Congressman Eliot Engel
By Irish Echo Staff
Congressman Eliot Engel, who is expected to chair the House Foreign Affairs Committee in the 116th Congress, has written to the British ambassador in Washington, Sir Kim Darroch, expressing his concerns about the ongoing Ballymurphy Massacre inquest.
Congressman Engel, recently reelected in New York’s 16th congressional district, wrote to Ambassador Darroch after twice meeting Carmel Quinn of the Ballymurphy Campaign and Relatives for Justice during her recent U.S. visit, organized by the Ancient Order of Hibernians with Relatives for Justice, and supported by an array of Irish-American organizations, including the Irish American Unity Conference and Brehon Law Society.
Congressman Engel, who has a long record of interest in Irish affairs, highlighted his concerns in the letter about issues including withholding of key British army records, and British calls for a statute of limitations amnesty, or special laws for British soldiers.
Never miss an issue of The Irish Echo
Subscribe to one of our great value packages.
“The Ballymurphy inquest, as Congressman Engel put it, is a ‘fundamental test of justice in cases where British state forces were involved.’ His letter raises crucial questions,” said AOH Freedom-for-all-Ireland Chair, Martin Galvin.
“Why are the British hiding documents and debating new forms of immunity for British troopers? Surely if their killings were justified, the British military would want to disclose all records to exonerate their troopers,” said Galvin.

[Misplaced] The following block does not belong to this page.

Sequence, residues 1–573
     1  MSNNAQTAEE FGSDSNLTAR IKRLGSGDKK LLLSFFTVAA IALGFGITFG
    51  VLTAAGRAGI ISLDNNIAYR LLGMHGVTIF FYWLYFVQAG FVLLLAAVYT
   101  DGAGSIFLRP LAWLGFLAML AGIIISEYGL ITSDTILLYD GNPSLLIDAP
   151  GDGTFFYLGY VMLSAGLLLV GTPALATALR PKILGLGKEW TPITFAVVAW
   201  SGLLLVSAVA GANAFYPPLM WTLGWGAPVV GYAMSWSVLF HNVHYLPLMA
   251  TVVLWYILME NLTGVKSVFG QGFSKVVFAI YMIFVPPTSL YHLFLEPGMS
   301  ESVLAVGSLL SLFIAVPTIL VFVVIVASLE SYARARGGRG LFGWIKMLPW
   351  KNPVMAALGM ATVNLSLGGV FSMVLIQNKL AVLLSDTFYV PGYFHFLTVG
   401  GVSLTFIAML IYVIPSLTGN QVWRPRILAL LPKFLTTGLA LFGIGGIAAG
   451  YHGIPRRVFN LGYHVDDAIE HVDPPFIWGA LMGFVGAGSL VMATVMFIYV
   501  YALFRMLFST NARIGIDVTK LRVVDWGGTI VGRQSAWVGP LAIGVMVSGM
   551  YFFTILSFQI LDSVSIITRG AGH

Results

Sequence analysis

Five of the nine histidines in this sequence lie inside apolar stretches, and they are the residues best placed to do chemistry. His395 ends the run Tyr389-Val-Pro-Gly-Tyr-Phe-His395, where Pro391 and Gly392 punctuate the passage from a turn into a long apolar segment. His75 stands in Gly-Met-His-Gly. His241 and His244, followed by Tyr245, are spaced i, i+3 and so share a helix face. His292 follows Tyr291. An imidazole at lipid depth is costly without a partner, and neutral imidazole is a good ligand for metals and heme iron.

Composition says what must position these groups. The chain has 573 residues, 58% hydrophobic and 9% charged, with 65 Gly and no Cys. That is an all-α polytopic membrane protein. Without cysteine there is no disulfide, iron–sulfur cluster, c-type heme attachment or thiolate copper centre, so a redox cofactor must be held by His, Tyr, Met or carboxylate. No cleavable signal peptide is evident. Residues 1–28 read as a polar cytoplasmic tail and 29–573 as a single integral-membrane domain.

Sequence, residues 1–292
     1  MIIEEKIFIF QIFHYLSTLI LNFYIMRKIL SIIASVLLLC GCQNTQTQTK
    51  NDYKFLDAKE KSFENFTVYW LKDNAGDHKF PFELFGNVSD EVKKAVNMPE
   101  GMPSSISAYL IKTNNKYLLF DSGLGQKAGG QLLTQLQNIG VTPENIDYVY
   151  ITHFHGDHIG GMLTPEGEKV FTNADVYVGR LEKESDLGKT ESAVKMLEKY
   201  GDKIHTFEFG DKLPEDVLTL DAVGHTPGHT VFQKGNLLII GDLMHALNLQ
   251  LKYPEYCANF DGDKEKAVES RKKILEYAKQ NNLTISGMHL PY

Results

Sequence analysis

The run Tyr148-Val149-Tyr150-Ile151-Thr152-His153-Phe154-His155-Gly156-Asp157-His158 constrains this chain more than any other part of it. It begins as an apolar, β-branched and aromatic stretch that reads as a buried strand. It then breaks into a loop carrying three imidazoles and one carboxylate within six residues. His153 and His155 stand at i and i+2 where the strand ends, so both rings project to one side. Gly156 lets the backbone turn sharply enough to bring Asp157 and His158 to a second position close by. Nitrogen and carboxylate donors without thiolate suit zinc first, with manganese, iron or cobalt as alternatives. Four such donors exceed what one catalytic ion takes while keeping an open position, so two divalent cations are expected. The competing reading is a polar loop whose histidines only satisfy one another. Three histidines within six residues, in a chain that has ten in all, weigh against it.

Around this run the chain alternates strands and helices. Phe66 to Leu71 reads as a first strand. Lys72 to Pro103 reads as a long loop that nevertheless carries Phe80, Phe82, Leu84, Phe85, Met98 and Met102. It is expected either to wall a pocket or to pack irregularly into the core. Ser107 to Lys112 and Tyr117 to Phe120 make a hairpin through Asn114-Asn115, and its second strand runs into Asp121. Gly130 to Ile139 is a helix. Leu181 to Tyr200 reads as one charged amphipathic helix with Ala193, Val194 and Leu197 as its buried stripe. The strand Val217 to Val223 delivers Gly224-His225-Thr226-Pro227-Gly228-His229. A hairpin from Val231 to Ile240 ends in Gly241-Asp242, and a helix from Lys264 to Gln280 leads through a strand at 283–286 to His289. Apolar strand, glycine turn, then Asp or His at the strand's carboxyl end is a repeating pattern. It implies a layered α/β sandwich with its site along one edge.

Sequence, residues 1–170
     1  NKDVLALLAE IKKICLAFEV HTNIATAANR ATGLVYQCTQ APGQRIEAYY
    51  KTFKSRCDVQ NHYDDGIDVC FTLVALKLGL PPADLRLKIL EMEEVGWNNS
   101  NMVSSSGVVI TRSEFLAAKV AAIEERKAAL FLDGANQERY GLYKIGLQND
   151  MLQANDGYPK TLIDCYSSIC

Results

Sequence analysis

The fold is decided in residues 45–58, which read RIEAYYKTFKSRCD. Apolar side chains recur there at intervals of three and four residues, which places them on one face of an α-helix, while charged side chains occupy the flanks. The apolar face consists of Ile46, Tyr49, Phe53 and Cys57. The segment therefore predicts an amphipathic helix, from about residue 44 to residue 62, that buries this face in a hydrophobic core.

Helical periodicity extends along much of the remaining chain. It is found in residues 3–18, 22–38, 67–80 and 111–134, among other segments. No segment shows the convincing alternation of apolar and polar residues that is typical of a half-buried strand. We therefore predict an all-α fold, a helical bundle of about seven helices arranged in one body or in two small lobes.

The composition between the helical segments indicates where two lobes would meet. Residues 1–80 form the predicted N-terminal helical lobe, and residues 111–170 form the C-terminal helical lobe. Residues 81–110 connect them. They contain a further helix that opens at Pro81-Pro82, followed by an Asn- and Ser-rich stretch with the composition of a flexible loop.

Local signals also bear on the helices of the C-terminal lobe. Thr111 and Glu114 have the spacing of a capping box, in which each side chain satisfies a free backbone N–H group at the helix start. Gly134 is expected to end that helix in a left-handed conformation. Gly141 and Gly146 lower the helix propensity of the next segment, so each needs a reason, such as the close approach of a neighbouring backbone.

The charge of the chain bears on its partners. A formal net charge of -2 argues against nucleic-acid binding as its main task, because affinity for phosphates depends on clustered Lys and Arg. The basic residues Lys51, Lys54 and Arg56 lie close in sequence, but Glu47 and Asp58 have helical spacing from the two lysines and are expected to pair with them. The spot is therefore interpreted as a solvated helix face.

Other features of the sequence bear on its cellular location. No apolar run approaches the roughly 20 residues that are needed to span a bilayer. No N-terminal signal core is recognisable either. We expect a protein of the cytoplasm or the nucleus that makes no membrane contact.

“Why would the British consider new forms of immunity unless the crown believes that the testimony will show their troopers need immunity for murdering eleven people including a Catholic priest and grandmother?
“The AOH believes that American congressional scrutiny can help make a difference for Ballymurphy and all legacy victims in their long fight for truth and justice.
“We welcome Congressman Engel’s letter and also welcome the interest of other members who are closely monitoring this inquest.”
In his letter Engel wrote that he had heard concerns that the inquest might fail to ensure that justice will be done, “leaving open the wounds from a conflict that all want to relegate firmly to the history books.”
And he continued: “I understand that there is growing apprehension among the Ballymurphy families that the Ministry of Defense may be deliberately withholding documents and disclosure items crucial to the investigation.
“Additionally, I am aware that some Britons have recently called for changes to the statute of limitations laws. Such changes could result in the absolution of anyone judged guilty and could fundamentally taint the inquest.
“As a Member of Congress who has a continuing interest in Northern Ireland, I am compelled to relay these concerns to you and would welcome any response you may have.”